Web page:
Distilling the Essence of Contract Terms: An Anti-Antiformalist Approach to Contract and Employment Law
89 Pages Posted: 30 Mar 2001
Date Written: March 20, 2001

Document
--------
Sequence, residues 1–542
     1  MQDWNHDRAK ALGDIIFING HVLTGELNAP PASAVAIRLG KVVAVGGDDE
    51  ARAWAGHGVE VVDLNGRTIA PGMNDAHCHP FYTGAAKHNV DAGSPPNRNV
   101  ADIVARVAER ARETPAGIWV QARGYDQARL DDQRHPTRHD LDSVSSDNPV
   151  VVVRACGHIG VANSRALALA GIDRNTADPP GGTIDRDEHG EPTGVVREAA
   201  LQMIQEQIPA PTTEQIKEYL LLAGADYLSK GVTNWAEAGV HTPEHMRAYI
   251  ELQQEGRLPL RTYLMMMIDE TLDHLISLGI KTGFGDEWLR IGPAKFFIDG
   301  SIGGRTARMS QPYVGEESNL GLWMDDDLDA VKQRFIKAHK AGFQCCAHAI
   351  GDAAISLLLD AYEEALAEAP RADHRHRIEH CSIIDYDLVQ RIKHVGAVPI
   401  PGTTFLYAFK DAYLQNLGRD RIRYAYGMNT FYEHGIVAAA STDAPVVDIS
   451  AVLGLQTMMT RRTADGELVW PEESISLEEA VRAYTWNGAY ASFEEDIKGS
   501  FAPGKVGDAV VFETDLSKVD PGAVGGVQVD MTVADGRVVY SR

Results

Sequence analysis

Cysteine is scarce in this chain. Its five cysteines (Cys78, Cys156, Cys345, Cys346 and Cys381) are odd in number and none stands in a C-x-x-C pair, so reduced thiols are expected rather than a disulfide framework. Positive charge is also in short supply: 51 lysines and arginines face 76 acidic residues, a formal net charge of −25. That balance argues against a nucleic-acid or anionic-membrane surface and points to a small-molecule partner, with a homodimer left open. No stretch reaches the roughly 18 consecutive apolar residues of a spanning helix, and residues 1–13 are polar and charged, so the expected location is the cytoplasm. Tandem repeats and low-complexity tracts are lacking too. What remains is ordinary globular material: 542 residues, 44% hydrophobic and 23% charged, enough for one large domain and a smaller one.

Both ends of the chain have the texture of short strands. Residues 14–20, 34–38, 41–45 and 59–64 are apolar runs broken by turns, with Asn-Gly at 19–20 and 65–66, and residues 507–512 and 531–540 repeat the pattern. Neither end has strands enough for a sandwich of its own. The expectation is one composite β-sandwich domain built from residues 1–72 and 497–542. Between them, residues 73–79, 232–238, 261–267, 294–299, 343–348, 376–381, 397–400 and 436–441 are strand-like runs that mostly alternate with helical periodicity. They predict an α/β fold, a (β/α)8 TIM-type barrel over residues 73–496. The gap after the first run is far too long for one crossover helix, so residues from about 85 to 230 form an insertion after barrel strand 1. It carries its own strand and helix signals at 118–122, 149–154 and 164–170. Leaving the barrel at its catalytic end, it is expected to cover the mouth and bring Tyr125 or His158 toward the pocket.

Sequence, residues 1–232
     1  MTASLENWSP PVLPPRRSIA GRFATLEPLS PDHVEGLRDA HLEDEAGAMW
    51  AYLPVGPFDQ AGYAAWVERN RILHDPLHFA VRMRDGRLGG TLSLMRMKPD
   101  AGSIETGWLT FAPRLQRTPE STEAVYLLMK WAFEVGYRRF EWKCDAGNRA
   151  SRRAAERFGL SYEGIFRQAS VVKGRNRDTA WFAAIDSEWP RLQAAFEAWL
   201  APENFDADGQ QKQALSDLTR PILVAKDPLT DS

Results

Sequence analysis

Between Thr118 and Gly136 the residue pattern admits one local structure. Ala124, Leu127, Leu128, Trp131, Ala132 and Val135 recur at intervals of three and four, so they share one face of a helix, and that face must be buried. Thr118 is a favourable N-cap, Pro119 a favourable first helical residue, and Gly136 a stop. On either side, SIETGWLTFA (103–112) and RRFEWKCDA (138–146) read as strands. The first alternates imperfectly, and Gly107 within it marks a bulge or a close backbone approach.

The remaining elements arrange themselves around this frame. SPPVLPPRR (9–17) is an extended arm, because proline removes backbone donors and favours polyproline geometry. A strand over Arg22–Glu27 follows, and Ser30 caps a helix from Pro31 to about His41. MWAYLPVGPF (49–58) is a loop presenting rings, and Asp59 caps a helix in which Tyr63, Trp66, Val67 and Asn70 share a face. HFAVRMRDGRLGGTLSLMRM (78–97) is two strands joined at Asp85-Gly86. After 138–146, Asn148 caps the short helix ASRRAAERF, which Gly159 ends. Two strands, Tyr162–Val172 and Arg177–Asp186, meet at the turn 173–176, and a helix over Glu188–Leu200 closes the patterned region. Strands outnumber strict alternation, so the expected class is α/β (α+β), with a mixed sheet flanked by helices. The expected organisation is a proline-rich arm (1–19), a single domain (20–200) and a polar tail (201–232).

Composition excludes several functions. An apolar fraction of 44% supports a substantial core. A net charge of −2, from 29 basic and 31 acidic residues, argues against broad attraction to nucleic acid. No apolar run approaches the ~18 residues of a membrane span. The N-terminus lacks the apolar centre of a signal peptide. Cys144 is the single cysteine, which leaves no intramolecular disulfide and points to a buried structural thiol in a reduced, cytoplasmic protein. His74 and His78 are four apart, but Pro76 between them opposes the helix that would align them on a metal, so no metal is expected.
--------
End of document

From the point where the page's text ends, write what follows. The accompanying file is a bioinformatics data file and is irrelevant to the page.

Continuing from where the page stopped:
Recently, a number of commentators have questioned the validity of the use of default rules in contract law, by challenging the assumptions that lead, in the first place, to the wide use of default rules. (See e.g., the University of Chicago Law Review Symposium on Formalism Revisited, 1999). Motivated in part by this debate, this article challenges one of the most basic assumptions in employment law: that employers and employees are silent about a number of important issues concerning the employment relationship, and thus, that courts are justified in developing default rules to apply to employment law disputes. This assumption has been used to develop default rules in a number of areas, but has been particularly relevant in the development of the law regarding privacy rights and employment security (the Employment-at-Will debate). In the article I argue that the parties to employment contracts have been telling us more than what conventionally we have recognized. In particular, I argue that by carefully analyzing aspects of the employment contract which the parties normally specify (such as the form and the basis of compensation), very specific, non trivial, understandings on other important issues are made apparent. I rely on recent developments in labor economics theory to explore the exchanges employers and employees make, and to analyze how these exchanges are reflected in the compensation provisions of their employment contracts. I argue that the information embedded in the compensation provisions of employment contracts provides valuable insights for the resolution of disputes regarding privacy rights and job security. The article advances an alternative approach to the use of default rules in the employment area, similar to the attempts to advance alternative approaches to the use of default rules in commercial law.
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